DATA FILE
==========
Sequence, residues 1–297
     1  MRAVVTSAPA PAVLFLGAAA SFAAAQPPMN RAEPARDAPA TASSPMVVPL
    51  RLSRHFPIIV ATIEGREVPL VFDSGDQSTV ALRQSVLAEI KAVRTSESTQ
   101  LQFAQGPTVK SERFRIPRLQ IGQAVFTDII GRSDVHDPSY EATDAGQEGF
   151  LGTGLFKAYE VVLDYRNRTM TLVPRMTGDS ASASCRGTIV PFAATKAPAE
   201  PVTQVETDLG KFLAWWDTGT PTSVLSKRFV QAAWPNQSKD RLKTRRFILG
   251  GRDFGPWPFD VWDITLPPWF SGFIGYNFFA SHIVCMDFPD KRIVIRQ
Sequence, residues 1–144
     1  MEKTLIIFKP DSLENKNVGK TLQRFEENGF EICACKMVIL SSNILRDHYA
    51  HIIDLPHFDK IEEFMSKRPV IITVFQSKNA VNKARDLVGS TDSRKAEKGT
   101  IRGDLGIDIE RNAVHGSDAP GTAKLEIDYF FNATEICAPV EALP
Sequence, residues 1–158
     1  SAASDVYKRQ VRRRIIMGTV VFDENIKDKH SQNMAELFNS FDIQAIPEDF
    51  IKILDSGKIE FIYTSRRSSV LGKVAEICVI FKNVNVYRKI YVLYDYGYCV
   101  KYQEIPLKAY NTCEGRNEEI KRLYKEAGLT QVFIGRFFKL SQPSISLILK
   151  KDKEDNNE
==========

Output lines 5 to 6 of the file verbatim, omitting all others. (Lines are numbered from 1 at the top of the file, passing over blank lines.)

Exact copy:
   151  LGTGLFKAYE VVLDYRNRTM TLVPRMTGDS ASASCRGTIV PFAATKAPAE
   201  PVTQVETDLG KFLAWWDTGT PTSVLSKRFV QAAWPNQSKD RLKTRRFILG